They may have wished it away, but eventually they not only accepted it but gave it its due credit, and more importantly pumped in funds. That is what the Narendra Modi government did with the Unique Identification Authority of India ( UIDAI) which issues citizens the Aadhar card. The card has all the information government wants about individuals, captured by the UIDAI.
In a few days, the government will introduce a bill that will give the Aadhar a statutory status. While the details of the bill are under wraps, it appears that the Aadhar card will be the legal framework on which all subsidies will be given.
“The principle purpose of the legislation will be that wherever money is spent by the government, the Aadhar is made the base to ensure that the right person gets the benefit, and that nobody gets the benefit multiple times,” Finance Minister Arun Jaitley explained at a news conference after the Budget he presented gave a unique status to the identity card.
Economic Affairs secretary Shaktikanta Watal said this would be a game changer.
Jaitley said, “Budget 2016 deals with the reality of India today wherein there is serious agrarian crisis that has to be addressed. Priority has to be given to the agriculture and rural areas. Subsidies have to be given while ensuring that the benefits were transferred without leakage, the transport sector has to be improved...many cities don't have a worthwhile transport system.”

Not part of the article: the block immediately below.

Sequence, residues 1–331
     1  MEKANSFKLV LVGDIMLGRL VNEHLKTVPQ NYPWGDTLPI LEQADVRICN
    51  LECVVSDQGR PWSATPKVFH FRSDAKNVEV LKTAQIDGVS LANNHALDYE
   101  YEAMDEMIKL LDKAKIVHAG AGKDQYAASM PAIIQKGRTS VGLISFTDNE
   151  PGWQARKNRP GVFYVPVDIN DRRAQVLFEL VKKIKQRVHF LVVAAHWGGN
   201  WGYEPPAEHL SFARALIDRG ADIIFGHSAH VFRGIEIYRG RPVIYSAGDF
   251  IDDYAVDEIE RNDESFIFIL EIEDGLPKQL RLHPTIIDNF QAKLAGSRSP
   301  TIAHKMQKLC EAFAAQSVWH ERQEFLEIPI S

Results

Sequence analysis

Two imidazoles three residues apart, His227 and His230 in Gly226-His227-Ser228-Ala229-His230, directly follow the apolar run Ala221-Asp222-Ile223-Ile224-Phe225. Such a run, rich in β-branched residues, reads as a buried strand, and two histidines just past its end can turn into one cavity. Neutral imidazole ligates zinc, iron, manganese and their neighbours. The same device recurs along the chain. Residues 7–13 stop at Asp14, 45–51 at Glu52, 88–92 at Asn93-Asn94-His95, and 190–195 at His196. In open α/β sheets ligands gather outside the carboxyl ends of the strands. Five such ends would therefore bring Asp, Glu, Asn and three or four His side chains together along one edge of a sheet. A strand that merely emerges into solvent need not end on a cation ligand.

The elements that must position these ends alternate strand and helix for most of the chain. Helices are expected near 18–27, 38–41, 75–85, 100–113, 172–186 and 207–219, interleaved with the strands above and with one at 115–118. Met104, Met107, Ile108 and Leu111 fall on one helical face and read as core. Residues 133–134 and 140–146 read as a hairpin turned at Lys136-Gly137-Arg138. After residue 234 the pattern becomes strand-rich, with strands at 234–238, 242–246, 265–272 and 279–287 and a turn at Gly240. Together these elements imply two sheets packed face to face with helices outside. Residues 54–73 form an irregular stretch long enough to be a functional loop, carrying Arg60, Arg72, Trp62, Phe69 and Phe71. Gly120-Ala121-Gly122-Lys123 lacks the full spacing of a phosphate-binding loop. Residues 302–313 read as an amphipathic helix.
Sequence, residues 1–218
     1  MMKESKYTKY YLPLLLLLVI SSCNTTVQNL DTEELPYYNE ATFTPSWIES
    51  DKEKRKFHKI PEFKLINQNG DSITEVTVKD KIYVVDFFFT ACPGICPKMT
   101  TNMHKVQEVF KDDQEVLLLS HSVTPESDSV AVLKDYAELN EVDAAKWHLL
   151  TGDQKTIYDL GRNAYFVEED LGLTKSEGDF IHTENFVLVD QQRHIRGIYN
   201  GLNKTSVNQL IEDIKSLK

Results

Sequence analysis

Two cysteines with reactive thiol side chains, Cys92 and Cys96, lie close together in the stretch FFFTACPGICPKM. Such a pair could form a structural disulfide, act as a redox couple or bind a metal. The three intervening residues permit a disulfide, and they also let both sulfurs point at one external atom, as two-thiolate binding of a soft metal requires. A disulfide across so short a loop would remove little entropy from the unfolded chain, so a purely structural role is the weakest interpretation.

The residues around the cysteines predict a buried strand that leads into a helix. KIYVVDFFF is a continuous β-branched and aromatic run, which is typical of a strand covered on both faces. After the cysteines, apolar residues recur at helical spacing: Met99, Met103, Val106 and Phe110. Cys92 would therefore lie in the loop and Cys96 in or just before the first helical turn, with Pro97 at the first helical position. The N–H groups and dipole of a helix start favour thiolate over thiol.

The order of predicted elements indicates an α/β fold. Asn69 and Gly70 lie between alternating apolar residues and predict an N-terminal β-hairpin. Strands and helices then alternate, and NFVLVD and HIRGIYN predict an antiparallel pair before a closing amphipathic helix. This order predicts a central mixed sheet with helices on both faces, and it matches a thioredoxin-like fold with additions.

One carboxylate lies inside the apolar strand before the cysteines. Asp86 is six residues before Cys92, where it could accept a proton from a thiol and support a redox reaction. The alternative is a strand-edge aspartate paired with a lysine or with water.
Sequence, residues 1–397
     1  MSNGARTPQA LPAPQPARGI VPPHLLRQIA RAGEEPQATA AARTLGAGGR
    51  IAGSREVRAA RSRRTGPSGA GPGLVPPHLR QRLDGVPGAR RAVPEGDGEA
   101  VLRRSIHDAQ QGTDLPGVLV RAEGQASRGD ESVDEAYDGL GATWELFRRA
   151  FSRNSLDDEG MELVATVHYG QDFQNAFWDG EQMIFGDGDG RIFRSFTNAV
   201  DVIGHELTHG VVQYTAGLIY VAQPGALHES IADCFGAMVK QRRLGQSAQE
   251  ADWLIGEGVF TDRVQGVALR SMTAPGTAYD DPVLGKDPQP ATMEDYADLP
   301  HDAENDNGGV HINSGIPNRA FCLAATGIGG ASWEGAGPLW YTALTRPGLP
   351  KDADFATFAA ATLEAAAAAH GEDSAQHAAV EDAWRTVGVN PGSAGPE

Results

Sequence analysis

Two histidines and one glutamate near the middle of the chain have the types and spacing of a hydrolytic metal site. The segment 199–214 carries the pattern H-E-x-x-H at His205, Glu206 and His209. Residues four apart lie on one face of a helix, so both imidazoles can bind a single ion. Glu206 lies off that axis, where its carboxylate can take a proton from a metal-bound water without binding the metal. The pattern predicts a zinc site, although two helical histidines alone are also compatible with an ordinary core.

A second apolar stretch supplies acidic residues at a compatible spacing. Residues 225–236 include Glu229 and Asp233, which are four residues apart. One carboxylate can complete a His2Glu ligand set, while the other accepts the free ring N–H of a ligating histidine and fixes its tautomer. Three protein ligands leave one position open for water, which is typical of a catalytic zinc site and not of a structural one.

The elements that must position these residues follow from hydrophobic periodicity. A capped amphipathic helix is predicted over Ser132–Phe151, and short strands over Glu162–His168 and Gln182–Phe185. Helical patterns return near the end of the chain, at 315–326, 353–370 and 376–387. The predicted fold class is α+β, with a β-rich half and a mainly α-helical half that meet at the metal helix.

He said resolution of disputes, settling of disputes in infrastructure and simplification of laws had all been significant parts of the Budget, adding, “It addresses sectors that need to be addressed”.
Though the debate ahead of the Budget was over fiscal prudence and discipline versus public investment to fuel growth, there was a third view point as well, Jaitley stated, disclosing that a certain section wanted the government to consider a fiscal deficit range instead of a specific per centage of GDP. He said a committee would look into this, adding that the 3.5 per cent target was “eminently achievable.”
The minister said the Budget had brought about “the biggest simplification of tax laws”, and pointed to the presumptive tax, the exemptions given to the housing sector.
On the need to recapitalise the public sector banks, the finance minister said the announcement was “not the last word on it. Be sure, there will be more”.
When pointed out that it had become a “cess government”, Jaitley was of the view that once the GST rolls out, the cess imposed would automatically go away. “Governments survive on revenue..if anyone can teach me how to spend without collecting revenue, I will be happy to learn”, he said.